Friday, February 20, 2004

Critical diacritics

by Suw on February 20, 2004

One of the great things about going up to London last weekend was that I got to spend quite a bit of time with my Teach Yourself Polish book. I’ve completed Chapters 1 and 2 now and have been constantly revising them.

It’s important at this stage of the game not to rush it, not to leave a chapter until you’re really sure that you’ve learnt all it has to teach. The temptation to tear through the pages as if each one completed was some sort of trophy to be won then discarded is strong, but must be conquered.

So at least I’ve learnt something about learning over the last six years, then.

I’ve also been trying to stick to my 10 minutes a day plan, although that’s proving difficult not because I can’t find 10 minutes, but because I can’t limit myself to it. So I’ve given in, and allowed myself to study for as long as I like. The important thing is to take lots of breaks and frequently review what I’ve learnt.

I have a head start on the pronunciation, having learnt to read (but not understand!) Polish about 10 years ago, so it’s quite easy to get back into it again. I find it hard to learn a language without being able to speak it, so correct pronunciation is important to me. I think that was the trouble with Dutch – I just couldn’t get my head round their vowels.

The drawback with the Teach Yourself Polish CD, though, is that the English woman’s voice is so much louder than the Polish voices, meaning that I just can’t have it loud enough to really hear how the Polish words are said without risking ruptured eardrums when the English explanations kick in. To me, that’s really a stupid tactical error on Hodder & Stoughton’s part – the voices should be dynamically even. No louder bits, no softer bits. And it’s really not hard to do.

Anyway, I got so annoyed with it that I ripped the whole CD to wavs, then took a chapter at a time into Pro Tools and cut the English bint out to leave only the Polish. This does, unfortunately, cut the sound files right down to almost nothing, but at least they’re listenable.

I’ve also joined the Polish Language Study Group which should help the cause. I’ve had a look through their archives and they have a lot of stuff there that will be really useful. Plus it helps to have a bit of extra moral support. (Loolie: you should join too!)

What is distinctly unhelpful is the difficulty that seems to surround the Polish diacritics – the accents on a, c, e, l, n, o, s, and z. There’s the kreska (acute) on c, n, o, s and z, the ogonek (tail) on a and e, the barred l, and the kropka (dot) on z. Now, I’ve downloaded Arial Baltic, which includes these characters, and I’ve enabled Polish in my Windows multi-language options, but frankly, that matters not one kropka.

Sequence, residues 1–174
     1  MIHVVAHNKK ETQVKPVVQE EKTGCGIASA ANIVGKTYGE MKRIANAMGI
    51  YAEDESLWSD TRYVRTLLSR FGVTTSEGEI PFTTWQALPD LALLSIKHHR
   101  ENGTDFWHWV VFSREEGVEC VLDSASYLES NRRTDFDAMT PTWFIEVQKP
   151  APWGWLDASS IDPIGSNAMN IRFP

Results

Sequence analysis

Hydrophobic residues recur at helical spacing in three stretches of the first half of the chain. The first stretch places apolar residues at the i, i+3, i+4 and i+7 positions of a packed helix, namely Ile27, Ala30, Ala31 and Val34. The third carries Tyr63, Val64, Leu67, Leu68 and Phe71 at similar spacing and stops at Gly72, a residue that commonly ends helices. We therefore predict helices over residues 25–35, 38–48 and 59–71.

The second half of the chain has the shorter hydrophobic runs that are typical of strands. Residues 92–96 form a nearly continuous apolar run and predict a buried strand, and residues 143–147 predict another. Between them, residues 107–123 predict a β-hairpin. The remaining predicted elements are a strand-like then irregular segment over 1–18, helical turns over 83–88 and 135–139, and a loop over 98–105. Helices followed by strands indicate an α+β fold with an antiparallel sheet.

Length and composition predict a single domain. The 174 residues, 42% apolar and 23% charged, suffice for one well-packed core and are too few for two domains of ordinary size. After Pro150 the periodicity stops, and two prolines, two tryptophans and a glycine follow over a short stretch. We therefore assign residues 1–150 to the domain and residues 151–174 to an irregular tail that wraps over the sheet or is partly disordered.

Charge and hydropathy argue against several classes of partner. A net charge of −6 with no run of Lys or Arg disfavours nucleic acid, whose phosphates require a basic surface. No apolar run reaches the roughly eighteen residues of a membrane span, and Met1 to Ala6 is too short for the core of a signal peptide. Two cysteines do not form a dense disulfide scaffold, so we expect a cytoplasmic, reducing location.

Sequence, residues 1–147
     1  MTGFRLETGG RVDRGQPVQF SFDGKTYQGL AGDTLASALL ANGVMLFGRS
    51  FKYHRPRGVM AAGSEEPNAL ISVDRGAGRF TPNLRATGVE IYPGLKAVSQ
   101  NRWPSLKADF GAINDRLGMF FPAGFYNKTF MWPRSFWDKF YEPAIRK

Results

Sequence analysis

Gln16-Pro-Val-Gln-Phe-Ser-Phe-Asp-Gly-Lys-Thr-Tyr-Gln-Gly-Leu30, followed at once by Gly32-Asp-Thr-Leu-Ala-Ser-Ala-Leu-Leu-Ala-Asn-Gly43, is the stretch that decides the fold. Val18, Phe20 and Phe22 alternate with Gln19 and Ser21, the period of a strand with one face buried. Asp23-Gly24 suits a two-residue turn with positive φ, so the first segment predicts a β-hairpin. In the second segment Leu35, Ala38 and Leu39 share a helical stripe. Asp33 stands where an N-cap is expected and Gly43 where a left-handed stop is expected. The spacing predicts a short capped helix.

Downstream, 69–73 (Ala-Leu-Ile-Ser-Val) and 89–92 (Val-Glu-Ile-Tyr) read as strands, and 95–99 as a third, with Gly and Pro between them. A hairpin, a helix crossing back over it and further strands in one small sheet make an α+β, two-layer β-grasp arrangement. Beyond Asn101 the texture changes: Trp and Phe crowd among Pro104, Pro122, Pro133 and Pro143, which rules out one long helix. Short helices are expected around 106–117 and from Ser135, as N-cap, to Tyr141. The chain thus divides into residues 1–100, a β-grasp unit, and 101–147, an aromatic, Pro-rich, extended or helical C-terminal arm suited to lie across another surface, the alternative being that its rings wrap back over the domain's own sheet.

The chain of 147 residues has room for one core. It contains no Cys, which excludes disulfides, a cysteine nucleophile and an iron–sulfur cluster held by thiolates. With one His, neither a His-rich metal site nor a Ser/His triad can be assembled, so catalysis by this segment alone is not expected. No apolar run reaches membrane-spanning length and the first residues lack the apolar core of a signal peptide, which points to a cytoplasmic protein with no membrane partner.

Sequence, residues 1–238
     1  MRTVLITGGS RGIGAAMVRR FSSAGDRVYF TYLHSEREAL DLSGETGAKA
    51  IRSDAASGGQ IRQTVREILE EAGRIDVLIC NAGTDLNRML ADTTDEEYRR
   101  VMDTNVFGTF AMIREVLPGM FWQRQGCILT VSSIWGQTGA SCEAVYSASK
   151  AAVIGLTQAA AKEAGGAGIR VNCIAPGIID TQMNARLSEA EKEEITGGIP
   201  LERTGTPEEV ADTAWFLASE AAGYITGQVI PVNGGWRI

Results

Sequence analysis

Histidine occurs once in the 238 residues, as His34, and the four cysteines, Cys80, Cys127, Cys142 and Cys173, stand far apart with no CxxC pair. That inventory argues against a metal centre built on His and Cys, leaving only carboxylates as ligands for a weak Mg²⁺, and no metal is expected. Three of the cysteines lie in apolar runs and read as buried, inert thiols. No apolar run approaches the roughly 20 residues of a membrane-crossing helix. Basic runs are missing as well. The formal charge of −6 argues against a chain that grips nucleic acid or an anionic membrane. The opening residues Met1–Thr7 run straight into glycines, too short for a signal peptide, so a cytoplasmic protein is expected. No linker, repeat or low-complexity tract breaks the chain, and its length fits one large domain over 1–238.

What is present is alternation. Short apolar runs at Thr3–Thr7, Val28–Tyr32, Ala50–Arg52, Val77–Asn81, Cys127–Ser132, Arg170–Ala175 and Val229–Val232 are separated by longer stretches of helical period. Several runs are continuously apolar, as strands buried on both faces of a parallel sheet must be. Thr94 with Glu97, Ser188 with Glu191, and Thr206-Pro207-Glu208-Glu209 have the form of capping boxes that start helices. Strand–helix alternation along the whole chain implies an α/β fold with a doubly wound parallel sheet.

Most of the diacritics vanish when printed, even when using Arial Baltic, and are simply unavailable online. I’ve tried to find out if there’s some sort of standard way of replacing these diacritics with some other sort of indicator – in Welsh you can use + (or ^) instead of a circumflex, \ instead of a grave, / instead of an acute and % instead of an umlaut, e.g. ‘dw^r’ (water) or stori%au (stories), although really w^ and y^ are the only two difficult accents.

There seems to be no accepted schema of replacement symbols for Polish. Instead the diacritics are simply dropped. Well, that’s fine for fluent speakers but I think it would be a terribly bad habit for me to get into. Those accents are there for a purpose – they give additional pronunciation information. I’m not yet familiar enough with the language that I can really get away with ignoring them.

If you happen to know how I can solve this problem, please leave a comment or email me. In the meantime, I guess the majority of my Polish learning will have to be done with pen and paper.

Update: Ok, so with the help of some more unicode-literate people than I, I have deciphered that a mix of Arial Baltic and WP Multinational HelvA will do the trick, although it does mean having to switch fonts a lot. Still, it'll do til I can afford a Mac.

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by Suw on February 20, 2004

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